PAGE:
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Keys to a Successful Outsourcing

Ariel Lascano

While companies often look for cost reduction and variabilization, service levels improvement and access to technology and best practices capabilities not available internally as the main reasons for outsourcing, after a while, the most important benefit companies recognize are the time and effort they can devote to their core business.

For the success of an outsourcing project, it is imperative to define a strategy for the evaluation of objectives and selection of suppliers; followed by contracts negotiations and governance model definitions with outsourcers.

The care and thoroughness of the initial stages, even if it takes longer, increase the likelihood of a successful experience.

It is essential that the company has a clear vision of what they are looking when outsourcing a service, which in general is efficiency or improvement. When efficiency is sought, the emphasis is on controlling and reducing costs while maintaining consistency in the delivery of services.

When looking for improvement and therefore enhance the competitive position of the organization, the importance falls on the speed to achieve the required capabilities.

The final goal will determine the hiring and management of the outsourcing process.

Also, organizations question themselves the scope of service to be outsourced. The traditional view indicates that companies can only delegate activities that are not part of the core business. But even this paradigm is questioned, as many companies are realizing that even key processes in the value chain do not offer competitive advantage, even if well executed, and have begun to trust such processes to specialists, obtaining cost benefits and flexibility.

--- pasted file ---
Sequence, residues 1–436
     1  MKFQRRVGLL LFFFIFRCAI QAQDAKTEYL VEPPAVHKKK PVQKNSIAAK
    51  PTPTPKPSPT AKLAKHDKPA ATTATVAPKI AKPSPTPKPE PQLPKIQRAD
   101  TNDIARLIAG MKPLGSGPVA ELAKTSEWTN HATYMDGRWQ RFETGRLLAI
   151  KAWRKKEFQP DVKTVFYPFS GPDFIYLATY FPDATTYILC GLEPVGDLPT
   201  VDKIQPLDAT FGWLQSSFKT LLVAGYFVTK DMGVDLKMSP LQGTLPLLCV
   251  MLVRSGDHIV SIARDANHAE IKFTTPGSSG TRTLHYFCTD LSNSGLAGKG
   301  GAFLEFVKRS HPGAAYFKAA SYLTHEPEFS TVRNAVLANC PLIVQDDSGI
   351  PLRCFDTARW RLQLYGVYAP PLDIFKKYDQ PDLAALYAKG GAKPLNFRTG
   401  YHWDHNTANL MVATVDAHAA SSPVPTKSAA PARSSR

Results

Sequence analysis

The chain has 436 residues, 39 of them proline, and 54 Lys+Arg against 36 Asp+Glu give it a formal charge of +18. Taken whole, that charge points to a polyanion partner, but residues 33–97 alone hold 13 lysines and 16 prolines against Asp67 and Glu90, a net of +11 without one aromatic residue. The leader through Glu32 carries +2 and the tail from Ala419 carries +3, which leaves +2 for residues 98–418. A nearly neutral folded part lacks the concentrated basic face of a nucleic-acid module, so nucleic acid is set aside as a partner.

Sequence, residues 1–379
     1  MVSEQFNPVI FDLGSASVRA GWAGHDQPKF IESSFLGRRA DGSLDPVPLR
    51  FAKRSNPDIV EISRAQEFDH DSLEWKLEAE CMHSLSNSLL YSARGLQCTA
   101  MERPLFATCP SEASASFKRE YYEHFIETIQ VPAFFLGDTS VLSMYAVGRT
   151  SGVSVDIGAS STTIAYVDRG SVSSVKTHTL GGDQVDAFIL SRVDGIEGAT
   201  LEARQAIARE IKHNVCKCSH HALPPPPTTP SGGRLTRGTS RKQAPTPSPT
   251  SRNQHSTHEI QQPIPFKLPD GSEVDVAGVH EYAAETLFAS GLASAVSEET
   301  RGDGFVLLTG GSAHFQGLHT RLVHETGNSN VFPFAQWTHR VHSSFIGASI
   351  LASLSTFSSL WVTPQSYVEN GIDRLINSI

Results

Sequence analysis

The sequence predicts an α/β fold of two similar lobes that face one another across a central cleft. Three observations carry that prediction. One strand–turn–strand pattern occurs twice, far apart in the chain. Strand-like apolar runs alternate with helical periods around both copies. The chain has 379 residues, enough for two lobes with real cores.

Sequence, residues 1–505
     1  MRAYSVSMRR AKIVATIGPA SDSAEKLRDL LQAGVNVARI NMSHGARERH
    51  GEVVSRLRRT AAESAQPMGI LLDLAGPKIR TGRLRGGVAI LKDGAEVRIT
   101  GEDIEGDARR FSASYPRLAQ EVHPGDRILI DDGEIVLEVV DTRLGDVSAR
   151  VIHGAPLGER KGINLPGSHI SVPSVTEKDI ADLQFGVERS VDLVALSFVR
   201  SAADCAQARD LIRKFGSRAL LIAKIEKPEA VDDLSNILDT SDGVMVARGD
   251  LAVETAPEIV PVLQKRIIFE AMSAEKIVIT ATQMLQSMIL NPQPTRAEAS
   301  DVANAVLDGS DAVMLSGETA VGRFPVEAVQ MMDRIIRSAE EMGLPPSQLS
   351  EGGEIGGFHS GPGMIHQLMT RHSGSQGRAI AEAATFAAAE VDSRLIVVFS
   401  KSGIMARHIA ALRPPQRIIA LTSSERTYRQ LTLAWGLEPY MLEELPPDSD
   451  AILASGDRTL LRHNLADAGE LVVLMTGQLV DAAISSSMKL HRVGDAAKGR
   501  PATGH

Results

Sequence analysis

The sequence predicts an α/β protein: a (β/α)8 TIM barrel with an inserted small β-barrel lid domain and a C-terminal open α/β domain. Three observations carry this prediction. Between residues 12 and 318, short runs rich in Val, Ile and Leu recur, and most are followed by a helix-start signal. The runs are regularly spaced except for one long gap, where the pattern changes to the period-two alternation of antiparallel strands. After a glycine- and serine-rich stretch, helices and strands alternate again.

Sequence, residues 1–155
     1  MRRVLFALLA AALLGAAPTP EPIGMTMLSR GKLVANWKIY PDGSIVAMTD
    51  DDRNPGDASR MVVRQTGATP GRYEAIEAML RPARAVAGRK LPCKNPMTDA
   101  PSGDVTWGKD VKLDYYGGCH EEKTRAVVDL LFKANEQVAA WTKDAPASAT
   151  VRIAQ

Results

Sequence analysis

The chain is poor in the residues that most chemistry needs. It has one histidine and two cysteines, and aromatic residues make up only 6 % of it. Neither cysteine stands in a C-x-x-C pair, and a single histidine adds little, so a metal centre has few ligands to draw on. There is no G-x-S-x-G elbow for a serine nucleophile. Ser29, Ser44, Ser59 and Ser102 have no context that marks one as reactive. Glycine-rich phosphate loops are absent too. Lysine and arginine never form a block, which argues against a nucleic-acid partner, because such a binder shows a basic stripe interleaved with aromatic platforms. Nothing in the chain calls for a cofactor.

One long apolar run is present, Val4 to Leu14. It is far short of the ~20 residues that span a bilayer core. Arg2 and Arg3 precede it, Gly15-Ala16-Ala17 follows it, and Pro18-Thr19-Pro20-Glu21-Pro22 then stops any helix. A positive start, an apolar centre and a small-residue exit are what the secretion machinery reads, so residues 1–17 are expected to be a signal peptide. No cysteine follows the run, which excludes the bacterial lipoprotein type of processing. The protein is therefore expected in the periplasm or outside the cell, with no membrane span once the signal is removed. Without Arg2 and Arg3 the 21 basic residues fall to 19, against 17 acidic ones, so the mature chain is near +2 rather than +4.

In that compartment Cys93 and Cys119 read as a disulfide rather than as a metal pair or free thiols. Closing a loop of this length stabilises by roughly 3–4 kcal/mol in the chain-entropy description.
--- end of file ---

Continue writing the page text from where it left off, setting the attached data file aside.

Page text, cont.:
Faced with this decision, companies should also consider whether the market has providers that can meet the requirements. To ensure this, the supplier must meet three basic requirements: technical ability to operate IT, keep up with the latest technology trends and proven financial capacity. The latter is essential, given that outsourcing is a capital intensive activity that involves a long-term relationship.

The geographical coverage may also be relevant for companies with operations in different countries, and require a supplier that ensures a consistent SLAs and use of best practices in each of them.

During contract negotiations; considering that in most cases a comprehensive outsourcing will required a medium to long contract term, flexible terms should be included to accommodate new customer needs arising from rapid changes in their markets.

Customer should also take into account the transition plan, SLA definition and measurement, incentives and penalties, an exit plan and, of course a suitable change management process.

Special attention should be devoted to managing the relationship with the supplier; implementation skills, change management, risk and corporate communications, are as necessary to a successful project as it is operating a particular technology. Companies moving into an outsourcing process will have to develop these skills internally or sought them in the market.

Finally, throughout the decision process, it is common for IT managers to present fears of loss of influence within the organization. But this fear is unfounded, as they will have opportunities to take a more strategic role in their organization, to the extent that they stop exercising an operative role and focus on how IT adds value to their business.